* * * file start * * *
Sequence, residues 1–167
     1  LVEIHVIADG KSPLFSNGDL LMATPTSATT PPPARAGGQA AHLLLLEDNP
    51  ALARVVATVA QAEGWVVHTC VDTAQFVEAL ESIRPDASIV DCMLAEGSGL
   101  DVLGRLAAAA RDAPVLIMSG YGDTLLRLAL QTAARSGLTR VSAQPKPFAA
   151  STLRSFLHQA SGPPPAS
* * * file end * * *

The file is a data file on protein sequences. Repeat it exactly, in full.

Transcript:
Sequence, residues 1–167
     1  LVEIHVIADG KSPLFSNGDL LMATPTSATT PPPARAGGQA AHLLLLEDNP
    51  ALARVVATVA QAEGWVVHTC VDTAQFVEAL ESIRPDASIV DCMLAEGSGL
   101  DVLGRLAAAA RDAPVLIMSG YGDTLLRLAL QTAARSGLTR VSAQPKPFAA
   151  STLRSFLHQA SGPPPAS